The Classical Greeks believed in idealized beauty, in the general and universal, as you can see in these lithe, stripped down figures.

But after the Macedonian invasion, under the reign of Alexander the Great, in the period we call Hellenistic, the main shift is in the naturalness of the art. The statues take on a movement and individuality unheard of in earlier Athens.

You can see the distinct face of the wrestler with his broken nose or the boy pulling a thorn from his foot. (You can also see the shift, mentioned above, from the morally elevating tone of the Classical period, to the everyday activities depicted in the Hellenistic).laocoon head

But just look at the faces, the Classical impassiveness and idealization,

and the Hellenistic warts and all portrait.

You can see the pendulum go back and forth, with early Roman art tending to imitate the Classic Greek, and Imperial Roman art again embracing the particular. Once you have seen a Roman portrait bust, there is not doubt you could pick its model out of a police lineup of a crowd at a bus station. They are so distinct.Roman portraits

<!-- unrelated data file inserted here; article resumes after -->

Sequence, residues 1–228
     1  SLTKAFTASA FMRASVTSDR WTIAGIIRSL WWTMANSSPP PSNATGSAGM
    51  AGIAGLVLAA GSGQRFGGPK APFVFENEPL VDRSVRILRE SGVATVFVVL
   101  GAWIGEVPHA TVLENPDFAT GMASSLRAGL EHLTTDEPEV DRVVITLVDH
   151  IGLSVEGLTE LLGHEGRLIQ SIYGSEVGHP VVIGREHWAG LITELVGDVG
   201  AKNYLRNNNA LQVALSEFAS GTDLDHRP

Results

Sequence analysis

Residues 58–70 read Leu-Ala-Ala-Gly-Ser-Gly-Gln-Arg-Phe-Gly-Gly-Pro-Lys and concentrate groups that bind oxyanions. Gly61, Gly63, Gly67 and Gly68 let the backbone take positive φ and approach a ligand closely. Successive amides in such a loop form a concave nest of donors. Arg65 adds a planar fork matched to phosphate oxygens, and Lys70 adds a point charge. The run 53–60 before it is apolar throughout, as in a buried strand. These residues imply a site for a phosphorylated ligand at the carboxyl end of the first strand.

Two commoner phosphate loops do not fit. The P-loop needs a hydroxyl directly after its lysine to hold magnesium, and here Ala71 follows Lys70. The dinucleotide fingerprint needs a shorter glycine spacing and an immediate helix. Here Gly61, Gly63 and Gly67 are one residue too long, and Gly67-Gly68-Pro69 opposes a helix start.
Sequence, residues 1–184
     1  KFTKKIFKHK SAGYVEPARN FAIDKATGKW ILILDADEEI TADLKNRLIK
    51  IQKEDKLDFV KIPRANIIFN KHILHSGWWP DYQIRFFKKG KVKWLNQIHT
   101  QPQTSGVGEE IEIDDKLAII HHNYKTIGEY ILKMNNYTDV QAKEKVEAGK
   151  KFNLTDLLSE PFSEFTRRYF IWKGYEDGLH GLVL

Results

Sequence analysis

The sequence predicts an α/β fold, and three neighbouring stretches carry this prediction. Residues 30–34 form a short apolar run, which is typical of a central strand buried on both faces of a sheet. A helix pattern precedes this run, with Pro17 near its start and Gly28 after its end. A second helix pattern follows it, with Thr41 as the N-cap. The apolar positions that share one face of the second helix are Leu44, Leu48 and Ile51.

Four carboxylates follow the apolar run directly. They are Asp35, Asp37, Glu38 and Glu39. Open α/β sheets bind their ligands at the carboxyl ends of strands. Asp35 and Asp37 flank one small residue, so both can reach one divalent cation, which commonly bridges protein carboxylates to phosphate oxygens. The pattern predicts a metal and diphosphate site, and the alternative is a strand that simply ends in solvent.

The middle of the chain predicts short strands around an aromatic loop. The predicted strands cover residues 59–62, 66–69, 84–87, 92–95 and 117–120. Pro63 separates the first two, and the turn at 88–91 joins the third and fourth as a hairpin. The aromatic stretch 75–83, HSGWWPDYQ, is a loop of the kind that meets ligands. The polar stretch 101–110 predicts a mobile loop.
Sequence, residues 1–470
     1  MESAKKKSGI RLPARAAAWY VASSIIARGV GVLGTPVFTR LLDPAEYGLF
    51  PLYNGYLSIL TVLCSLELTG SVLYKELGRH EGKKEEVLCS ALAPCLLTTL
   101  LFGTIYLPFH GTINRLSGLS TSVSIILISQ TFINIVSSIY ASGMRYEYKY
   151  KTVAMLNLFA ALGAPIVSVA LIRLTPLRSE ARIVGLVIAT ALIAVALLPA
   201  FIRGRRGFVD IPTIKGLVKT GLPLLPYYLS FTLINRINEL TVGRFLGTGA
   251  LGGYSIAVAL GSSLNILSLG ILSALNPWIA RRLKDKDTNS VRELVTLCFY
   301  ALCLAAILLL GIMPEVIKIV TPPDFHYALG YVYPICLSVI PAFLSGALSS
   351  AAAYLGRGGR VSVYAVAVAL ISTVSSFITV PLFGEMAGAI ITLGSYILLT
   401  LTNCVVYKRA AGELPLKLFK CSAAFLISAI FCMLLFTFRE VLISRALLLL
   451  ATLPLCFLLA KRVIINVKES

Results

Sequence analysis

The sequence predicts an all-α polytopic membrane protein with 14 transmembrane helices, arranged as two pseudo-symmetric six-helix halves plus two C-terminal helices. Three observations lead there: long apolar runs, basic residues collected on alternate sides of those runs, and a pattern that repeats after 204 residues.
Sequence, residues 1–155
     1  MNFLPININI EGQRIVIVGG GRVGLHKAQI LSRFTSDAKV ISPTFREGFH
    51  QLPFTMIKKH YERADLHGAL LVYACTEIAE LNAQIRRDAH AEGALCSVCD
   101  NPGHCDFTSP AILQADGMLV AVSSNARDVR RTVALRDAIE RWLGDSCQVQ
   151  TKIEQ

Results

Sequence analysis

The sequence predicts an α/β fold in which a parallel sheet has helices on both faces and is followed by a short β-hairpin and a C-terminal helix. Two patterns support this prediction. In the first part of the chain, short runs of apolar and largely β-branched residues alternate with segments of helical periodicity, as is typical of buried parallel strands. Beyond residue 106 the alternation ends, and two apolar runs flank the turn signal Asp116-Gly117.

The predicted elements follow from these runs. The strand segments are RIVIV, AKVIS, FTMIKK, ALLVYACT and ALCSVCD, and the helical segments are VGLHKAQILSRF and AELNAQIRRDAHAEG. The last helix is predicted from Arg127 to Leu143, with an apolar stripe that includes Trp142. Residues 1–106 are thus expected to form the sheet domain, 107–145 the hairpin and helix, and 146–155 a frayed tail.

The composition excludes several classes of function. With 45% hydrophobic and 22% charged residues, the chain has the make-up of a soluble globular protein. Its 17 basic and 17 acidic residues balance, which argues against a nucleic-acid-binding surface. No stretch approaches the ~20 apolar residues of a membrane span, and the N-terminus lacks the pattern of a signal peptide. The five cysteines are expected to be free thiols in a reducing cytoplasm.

In the Middle ages, first in the declining Roman period and the Romanesque, individuality is downplayed and figures, especially in the growing Christian church, tend to be generalized. But in the great Gothic period that flowered in the 11th and 12th centuries, the figures again become individualized. So much so, that the hundreds of figures carved into the side of, say, Chartres Cathedral, are as distinctive as movie stars’ faces.

During the Renaissance, figures are once more idealized. In the Baroque, they are individualized. In the Rococco, generalized, in the Romantic era, individualized. In the Academic painting that followed, they were again generalized. Impressionism put back their individual character. Modern art simplified the figures and generalized them — all of Modigliani’s figures seem interchangeable, for instance, or Brancusi’s idealized women. But particularity and distinct figures reappear with Pop and the following Postmodernism.

Back and forth the pendulum goes.

I have dwelt on this one pair of opposites rather a long time, just to get the feel of what I mean.

But, I also want to point out the subset of ideas that follow the fight between the universal and particular.

NEXT: Part 2 — More pendulums